The content on this page is aggregated and is not affiliated with the artist.
Photo: Self-Portrait in Repose, 1895
Alice Pike Barney (born Alice Pike, January 14, 1857 – 1931); American painter. She was active in Washington, DC and worked to make Washington into a center of the arts.
Her two daughters were the writer and salon hostess Natalie Clifford Barney and the Bahá'í writer Laura Clifford Barney.
...Washington, about to publish its first Social Register, was becoming more socially stratified, and Barney's background as the daughter of a whiskey distiller and granddaughter of a Jewish immigrant had made her the subject of vague insinuations in the society pages. The gossip would have no lasting effect on the Barneys' social standing, but Albert considered it a disaster. His drinking increased, as did his blood pressure, and two months later he had a heart attack. His health continued to deteriorate, and he died in 1902.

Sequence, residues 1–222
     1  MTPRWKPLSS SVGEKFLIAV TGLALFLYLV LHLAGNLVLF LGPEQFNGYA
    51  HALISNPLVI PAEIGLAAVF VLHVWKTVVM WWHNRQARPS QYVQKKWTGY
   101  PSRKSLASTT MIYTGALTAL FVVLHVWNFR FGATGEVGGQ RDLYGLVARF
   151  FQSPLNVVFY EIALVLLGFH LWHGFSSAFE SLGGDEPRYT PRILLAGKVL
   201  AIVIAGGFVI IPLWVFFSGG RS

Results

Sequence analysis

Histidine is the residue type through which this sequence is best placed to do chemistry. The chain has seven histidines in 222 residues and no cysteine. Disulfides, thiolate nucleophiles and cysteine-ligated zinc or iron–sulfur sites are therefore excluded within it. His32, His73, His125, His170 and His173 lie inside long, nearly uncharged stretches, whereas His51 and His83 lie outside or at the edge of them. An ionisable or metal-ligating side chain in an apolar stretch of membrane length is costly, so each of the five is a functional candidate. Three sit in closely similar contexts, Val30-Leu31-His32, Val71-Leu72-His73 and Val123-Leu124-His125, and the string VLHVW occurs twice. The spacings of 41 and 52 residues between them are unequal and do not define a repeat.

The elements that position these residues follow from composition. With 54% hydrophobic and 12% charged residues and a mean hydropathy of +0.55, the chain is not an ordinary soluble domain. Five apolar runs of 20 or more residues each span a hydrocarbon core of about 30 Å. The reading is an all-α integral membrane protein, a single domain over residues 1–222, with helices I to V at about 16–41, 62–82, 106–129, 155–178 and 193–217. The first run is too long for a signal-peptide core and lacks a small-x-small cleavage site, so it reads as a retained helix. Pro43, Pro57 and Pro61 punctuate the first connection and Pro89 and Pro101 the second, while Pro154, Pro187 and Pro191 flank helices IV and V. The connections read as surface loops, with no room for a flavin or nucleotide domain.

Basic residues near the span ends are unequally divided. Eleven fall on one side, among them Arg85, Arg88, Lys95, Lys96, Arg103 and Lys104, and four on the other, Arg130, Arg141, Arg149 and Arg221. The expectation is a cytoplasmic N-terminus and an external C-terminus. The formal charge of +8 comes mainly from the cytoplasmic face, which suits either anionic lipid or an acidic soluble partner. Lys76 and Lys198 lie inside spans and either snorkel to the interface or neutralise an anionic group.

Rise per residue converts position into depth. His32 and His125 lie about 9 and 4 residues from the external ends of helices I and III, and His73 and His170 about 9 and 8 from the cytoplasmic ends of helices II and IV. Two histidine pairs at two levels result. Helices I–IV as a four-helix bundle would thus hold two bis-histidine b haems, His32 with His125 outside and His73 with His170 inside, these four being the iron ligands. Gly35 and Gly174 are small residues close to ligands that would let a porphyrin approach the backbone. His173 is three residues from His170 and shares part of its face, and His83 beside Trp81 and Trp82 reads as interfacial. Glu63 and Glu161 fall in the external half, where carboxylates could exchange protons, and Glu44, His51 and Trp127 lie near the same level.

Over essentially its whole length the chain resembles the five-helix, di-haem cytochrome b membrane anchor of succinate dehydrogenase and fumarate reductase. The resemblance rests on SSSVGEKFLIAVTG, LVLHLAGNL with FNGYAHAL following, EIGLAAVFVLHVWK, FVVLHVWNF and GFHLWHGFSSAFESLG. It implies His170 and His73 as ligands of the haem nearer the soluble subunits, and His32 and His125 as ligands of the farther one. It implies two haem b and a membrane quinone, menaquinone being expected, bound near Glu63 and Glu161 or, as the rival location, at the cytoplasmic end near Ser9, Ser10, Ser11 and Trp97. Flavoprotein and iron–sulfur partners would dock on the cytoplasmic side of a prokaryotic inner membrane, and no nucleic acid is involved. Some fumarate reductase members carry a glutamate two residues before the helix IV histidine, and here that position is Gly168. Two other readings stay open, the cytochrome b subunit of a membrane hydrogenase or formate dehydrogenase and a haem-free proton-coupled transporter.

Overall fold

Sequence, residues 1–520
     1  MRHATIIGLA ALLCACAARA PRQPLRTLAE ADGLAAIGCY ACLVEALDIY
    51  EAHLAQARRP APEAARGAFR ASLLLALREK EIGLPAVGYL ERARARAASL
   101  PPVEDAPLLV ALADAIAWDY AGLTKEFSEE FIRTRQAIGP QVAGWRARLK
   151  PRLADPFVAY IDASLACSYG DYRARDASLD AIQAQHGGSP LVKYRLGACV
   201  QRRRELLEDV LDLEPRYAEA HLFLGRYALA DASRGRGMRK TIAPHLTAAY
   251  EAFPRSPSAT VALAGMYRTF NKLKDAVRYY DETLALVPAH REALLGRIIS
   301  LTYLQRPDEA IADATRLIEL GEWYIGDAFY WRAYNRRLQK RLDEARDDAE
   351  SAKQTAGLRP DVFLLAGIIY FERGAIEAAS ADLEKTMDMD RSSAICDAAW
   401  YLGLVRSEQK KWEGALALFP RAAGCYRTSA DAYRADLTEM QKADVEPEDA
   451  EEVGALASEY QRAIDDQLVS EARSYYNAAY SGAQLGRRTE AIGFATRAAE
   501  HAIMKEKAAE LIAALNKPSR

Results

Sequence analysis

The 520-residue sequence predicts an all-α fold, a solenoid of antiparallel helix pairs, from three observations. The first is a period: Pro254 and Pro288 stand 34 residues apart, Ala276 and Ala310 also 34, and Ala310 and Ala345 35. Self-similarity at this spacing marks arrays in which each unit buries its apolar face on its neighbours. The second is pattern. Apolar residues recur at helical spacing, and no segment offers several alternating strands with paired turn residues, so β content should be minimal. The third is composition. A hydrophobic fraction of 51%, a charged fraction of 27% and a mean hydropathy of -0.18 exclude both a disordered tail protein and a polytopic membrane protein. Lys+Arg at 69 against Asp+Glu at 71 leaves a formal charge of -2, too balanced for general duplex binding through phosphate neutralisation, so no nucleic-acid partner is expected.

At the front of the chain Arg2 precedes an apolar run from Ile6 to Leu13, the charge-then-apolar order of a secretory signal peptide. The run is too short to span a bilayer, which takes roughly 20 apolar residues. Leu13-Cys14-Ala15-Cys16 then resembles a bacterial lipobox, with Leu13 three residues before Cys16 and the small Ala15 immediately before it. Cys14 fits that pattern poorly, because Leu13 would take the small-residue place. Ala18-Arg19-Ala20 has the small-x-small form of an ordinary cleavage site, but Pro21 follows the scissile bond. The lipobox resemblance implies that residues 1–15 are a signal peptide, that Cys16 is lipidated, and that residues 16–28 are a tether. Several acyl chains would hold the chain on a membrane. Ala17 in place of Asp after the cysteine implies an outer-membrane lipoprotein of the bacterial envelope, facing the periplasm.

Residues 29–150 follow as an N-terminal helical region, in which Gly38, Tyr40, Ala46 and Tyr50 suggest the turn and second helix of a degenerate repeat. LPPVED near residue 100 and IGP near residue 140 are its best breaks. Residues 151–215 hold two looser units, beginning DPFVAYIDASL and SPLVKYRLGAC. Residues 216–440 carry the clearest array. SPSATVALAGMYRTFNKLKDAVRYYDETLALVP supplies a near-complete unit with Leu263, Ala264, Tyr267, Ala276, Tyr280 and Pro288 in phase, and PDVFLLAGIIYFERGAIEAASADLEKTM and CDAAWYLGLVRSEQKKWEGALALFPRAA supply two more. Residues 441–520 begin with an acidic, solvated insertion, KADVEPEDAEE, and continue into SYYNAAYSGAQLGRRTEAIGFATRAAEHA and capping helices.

Barney had solo shows at major galleries including the Corcoran Gallery of Art. In later years, she invented and patented mechanical devices, wrote and performed in several plays and an opera, and worked to promote the arts in Washington, D.C. Many of her paintings are now in the collection of the Smithsonian American Art Museum.
She converted to the Bahá'í Faith around 1900.
...In 1911, at age 53, Barney married 23-year-old Christian Hemmick; their engagement resulted in worldwide press attention. They had divorced by 1920.